A water-filled volcanic crater is a thing to behold. One spectacular example in Japan is Lake Towada which sits on the border between Aomori and Akita Prefectures. Here one finds a crater within a crater and a volcano that vulcanologists regard as still active even though it hasn't erupted in a millenium. Sitting 690 meters … Continue reading Towada-ko: Exploring a northern crater lake
This article takes a dive into the culture; history and meaning associated with Japanese zen gardens.
teamBorderless exhibits mind-bending experiences that constantly change to give the audience a new experience every second of their visit.
Mt. Asama, on the border of Nagano and Gunma prefectures, is one of Japan's many active volcanoes and the most active one on Honshu island. Yet it is usually relatively approachable and some interesting sights nearby testify to its geological impact. Two of those are Shiraito Falls and Onioshidashi Park. Just a 25 minute bus … Continue reading Water, rocks and devils: the geological impact of an active volcano
The small city of Kamaishi, on the Sanriku coast of Iwate Prefecture, for more than a century a thriving center of Japan's steel production is, these days, supported by fisheries, shellfish farms, and eco-tourism. It was badly impacted by the 2011 Tohoku disaster, with the tsunami waters reaching 4.3 meters, easily breaching the Kamaishi Tsunami Protection … Continue reading Kamaishi Kannon: guardian goddess and witness to history
It isn't every day that you get to see the birth of a river. Yet that is exactly what visitors see in Kakita River Park in Mishima, Shizuoka Prefecture. Every day a million tons of water burbles its way to the surface through the sandy soil in this park to form the Kakita River, already … Continue reading Kakita River Park – where a river is born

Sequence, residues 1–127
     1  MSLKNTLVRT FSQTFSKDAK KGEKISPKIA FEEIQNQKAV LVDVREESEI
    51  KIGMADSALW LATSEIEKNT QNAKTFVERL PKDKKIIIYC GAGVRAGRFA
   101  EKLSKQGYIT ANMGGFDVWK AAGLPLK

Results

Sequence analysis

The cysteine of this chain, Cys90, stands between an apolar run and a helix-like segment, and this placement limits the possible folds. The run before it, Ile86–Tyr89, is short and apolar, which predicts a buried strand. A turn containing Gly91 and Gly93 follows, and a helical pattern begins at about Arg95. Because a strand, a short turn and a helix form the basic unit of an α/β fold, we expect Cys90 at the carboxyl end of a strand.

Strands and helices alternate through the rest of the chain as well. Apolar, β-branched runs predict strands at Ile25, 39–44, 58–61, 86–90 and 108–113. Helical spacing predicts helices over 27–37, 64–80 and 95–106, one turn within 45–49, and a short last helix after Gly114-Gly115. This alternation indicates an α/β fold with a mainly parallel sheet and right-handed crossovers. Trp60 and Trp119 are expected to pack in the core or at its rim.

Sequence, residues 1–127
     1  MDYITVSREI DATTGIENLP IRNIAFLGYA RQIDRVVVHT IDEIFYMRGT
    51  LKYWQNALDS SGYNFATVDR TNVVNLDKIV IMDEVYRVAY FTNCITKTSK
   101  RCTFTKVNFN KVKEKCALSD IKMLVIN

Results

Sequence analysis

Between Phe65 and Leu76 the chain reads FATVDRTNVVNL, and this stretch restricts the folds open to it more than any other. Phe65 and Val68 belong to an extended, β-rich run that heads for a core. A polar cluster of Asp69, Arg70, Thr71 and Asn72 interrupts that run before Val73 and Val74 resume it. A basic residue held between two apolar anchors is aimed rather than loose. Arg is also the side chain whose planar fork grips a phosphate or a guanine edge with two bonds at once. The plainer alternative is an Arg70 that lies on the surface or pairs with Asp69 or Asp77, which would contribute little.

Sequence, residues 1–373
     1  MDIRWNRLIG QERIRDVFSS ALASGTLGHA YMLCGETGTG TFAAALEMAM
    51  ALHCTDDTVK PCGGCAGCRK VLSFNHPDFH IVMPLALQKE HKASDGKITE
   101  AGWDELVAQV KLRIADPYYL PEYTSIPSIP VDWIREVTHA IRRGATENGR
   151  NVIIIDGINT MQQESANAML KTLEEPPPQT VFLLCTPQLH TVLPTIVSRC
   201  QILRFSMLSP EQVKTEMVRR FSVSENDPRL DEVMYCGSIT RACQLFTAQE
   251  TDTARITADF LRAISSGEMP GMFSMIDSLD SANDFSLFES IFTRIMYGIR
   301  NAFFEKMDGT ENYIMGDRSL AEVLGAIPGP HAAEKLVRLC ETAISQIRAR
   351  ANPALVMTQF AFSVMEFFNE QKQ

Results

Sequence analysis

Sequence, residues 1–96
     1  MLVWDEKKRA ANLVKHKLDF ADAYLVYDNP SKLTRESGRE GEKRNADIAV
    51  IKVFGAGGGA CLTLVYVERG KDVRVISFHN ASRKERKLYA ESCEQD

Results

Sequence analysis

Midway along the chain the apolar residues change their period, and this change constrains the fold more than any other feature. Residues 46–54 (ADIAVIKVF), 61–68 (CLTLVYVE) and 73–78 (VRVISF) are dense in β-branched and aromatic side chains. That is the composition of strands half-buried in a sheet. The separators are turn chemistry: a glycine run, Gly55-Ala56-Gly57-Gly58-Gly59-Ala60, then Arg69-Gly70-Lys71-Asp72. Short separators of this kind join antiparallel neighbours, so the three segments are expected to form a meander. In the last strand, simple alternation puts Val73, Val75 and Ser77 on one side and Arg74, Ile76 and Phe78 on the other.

Japan's "Kofun Period", from the 2nd century to the 7th century, is named for the tumulus burial mounds that characterize it. Of the 30,000 tumuli extant in Japan, some 750 are believed to contain the remains of emperors or members of the imperial family. Most of the others were used for local chieftains or other … Continue reading Where the bodies are buried: Kofun burial mounds along the Tama River
The bright lights of the big city that is Tokyo so dominate that it is easy to forget that Tokyo also has a number of fascinating suburban neighborhoods worthy of exploration. In search of the last of the hydrangeas that are so prolific this time of year, I thought I'd take a half-day walk through … Continue reading A Walk in the Rain: Exploring the Ota-ku suburbs
It is often said that Japan has a way of borrowing from other cultures and adapting that which is borrowed to make it both distinctly Japanese and better than it was originally. In the case of quilting, I can attest to the former, but am not prepared to make any judgment with respect to the … Continue reading Quilting Japanese style
A couple of weeks after a trip to Tottori earlier this year, I was delighted to take delivery of a small package from Tottori, but a bit puzzled and surprised by how light it was. While I was in Tottori, I had the pleasure of visiting Hoshoji-yaki Kaikegama, a pottery studio/kiln in Yonago, where I … Continue reading Experiencing Japanese ceramics firsthand
Saitama is often considered just a "bedroom" of Tokyo, but it has much to recommend it to tourists and day trippers, especially in its western reaches. This is an especially good time of year to explore one little corner of the Sayama area of Tokorozawa--the area around Seibukyujo-mae station. Throughout the summer, this is a … Continue reading Early summer exploration in Saitama
Ibaraki, though not far from Tokyo, is not widely regarded as a destination for international tourists. Yet it can be quite rewarding to get off the beaten track to explore "real" Japan. Moriya, just 30-some minutes from Akihabara on the Tsukuba Express, is a great example. Here, in a day trip from Tokyo, the intrepid … Continue reading Moriya: History, Countryside, Beer and Bath